First time I've seen this one. While it has the dreaded "=" key, the design is quite attractive. 610 functions apparently....



Here's a reasonable picture of it: Link (what's so difficult with that?). Nice for sure. Personally, I'd like to see some space between the buttons. Still looks like Casio. And ... yes ... there is that annoying '=' ...



It certainly looks nice and I'd love to repurpose it.

However, the layout is all over the place. The function grouping don't make sense. HYP is way off.

- Pauli


Form follows function. So it is to show off.



the design's too Apple-ish for me :-)

however, if it had RPN, i would probably change my view.


hpnut in Malaysia


The design/form factor held the appeal for me. Yes it's a bit Apple-ish but being the owner of an iPod Touch, to me that kind of brushed aluminum/thin body style is not without merit! One review suggested that it's a bit plasticky, but I'm tempted to try and acquire one just because of its looks alone. Eye of the beholder and all that!

The lack of RPN of course is a deal breaker (and the lack of a solar panel is also a negative) but if it could be repurposed -- no idea how -- at least it could serve as version 0.1 of a hardware style template for the next great project, hint hint....


It looks very much like another Casio knockoff. There are some striking similarities with the Casio FX-115 ES plus. I very much doubt that there will be a connector or even the processor horsepower and the memory needed for a decent repurposing effort.



Well, what can I say? I got me one and it's sitting right next to my tablet now. I bought it from Amazon for under 30€.

It is very beautiful, labels are perfectly legible and the display is clear and crisp. It is a perfect design match to Apple's wireless keyboard, that I'm currently typing on. The only drawback is its non-aluminum backside - it is only made from plastic.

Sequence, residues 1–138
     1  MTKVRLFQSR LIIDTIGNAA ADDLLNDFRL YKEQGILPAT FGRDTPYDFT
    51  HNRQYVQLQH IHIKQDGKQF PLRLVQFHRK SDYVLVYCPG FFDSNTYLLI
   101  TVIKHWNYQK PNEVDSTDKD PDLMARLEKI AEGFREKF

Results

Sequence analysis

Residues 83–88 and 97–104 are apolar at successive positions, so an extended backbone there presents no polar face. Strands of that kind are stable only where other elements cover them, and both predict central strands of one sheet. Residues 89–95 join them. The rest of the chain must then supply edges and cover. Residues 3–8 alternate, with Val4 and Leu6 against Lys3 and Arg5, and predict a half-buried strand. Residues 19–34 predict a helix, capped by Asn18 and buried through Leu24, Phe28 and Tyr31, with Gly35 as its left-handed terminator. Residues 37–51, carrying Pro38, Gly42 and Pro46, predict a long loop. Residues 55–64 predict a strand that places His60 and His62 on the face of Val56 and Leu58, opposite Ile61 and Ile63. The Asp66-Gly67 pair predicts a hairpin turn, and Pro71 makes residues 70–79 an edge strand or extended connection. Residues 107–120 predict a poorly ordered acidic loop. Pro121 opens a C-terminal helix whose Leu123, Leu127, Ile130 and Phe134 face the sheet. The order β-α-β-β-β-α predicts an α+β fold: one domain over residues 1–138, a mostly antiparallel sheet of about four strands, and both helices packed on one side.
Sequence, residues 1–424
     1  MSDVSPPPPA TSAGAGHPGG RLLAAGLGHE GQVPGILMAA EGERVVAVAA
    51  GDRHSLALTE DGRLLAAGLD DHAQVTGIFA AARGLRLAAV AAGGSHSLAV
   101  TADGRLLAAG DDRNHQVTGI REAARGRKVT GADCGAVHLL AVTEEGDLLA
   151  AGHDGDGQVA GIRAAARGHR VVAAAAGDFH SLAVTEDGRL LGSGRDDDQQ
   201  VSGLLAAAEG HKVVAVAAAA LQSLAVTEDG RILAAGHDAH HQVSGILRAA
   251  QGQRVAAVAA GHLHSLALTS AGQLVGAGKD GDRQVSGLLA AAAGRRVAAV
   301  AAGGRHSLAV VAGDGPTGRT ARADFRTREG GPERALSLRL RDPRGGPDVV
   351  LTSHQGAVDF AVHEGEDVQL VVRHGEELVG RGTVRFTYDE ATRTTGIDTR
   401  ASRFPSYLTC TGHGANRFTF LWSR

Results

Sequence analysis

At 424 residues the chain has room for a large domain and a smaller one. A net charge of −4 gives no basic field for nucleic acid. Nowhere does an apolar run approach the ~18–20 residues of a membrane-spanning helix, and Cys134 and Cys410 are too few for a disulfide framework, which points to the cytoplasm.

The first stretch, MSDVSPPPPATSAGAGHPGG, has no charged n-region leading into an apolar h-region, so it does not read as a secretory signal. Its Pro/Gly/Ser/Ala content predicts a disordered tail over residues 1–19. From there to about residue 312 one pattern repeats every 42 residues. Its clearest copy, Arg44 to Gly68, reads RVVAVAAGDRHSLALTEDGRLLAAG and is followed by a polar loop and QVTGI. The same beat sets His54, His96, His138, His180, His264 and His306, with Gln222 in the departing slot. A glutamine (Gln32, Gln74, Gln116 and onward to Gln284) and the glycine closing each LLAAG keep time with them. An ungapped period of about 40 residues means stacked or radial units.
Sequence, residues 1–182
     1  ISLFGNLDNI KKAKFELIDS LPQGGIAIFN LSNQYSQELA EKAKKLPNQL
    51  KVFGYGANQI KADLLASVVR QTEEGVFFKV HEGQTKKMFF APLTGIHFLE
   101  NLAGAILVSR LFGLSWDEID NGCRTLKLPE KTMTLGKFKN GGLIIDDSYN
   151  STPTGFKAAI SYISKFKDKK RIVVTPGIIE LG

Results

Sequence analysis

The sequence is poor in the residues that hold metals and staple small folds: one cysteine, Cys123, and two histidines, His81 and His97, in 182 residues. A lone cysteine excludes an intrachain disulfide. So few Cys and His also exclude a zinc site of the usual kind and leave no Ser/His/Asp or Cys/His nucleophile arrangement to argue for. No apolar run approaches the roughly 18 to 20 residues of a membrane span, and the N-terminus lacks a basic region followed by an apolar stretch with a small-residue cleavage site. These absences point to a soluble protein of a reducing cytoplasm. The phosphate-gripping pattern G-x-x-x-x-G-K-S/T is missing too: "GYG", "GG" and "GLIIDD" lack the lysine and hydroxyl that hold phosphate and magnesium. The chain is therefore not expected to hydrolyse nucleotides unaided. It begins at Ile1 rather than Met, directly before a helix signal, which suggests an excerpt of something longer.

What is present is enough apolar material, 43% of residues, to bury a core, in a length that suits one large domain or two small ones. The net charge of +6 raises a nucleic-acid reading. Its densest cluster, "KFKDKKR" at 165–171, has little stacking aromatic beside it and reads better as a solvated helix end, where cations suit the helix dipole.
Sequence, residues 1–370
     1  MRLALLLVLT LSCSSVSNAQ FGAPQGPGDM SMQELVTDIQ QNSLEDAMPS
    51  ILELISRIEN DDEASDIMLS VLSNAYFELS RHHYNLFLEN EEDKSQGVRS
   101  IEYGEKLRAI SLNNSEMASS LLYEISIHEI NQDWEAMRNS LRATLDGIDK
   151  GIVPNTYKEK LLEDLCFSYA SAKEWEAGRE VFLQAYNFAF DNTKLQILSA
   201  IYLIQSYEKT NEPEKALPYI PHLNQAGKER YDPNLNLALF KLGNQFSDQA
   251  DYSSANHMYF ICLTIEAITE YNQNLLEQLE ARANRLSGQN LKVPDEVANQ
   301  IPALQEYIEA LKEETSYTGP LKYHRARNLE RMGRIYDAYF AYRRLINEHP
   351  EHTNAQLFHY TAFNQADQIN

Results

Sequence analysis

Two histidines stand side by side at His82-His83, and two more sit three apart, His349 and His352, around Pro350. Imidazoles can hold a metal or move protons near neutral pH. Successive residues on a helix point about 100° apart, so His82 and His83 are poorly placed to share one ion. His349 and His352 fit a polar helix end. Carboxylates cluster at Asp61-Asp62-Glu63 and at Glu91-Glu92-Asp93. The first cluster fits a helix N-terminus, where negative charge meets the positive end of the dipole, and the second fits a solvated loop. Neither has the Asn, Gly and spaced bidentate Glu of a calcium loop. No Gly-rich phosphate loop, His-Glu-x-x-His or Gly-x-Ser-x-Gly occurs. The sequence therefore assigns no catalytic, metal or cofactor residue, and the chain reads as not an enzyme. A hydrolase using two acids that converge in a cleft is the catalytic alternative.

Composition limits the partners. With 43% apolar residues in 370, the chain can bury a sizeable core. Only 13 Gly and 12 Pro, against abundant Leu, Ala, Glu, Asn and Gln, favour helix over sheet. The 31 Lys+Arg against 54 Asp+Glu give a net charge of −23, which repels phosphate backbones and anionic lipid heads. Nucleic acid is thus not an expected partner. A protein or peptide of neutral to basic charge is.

Hallo Alexander,

How about keyboard tactile feedback?



It is different from, say, the HP-15c's feedback, more like Casio, but accurate, no bouncing, no double registration of key presses so far. I like it - but I'm pretty sure that die hard HP afficionados shouldn't bother to get one of these. The UI is very similar to Casio's school type calculators, so no need to read the manual if you're familiar with the Casios.





The US Amazon doesn't seem to list this product. Does anybody know if they are they available in the US? Overall it looks "handy" and the price seems reasonable. Calculators are like reading glasses for me and I have them strewn about the house in my most likely "resting/reading" spots. I have a couple of old TI calcs in the mix I would like to eventually replace with something like this. Maybe they will show up here (US) eventually.


the lack of a solar panel is also a negative

Curiously the financial version is solar only X mark 1

The scientific version would look better with more attention to text appearance. There is a mix of all-capitals, capitalised first letter and all lower case, without much apparent logic. I like the upright sans-serif font, but then there is a heavy italic script for lower-case x, integrals and fractions. IMHO Braun did this style much better many years ago.

Braun had its own leading industrial design department and a top person leading it. That's the difference.

(I've worked at Braun two decades ago for some years.)




You can read my full review of this calc here :


Merci Mic,

It's a nice machine to look at. The last photograph suggests the keys can easily become recessed, giving an uneven appearance that lowers the quality. Perhaps if it were properly aluminum-backed (Apple... ;o) then this would not be a problem.

In all these Casio clones, wouldn't it be nice to find ONE calculator somewhere that had a simple-to-use TVM app built in?

Of course, then we'd also need a proper ENTER key and none of this "=" nonsense that interferes with proper arithmetical thinking!

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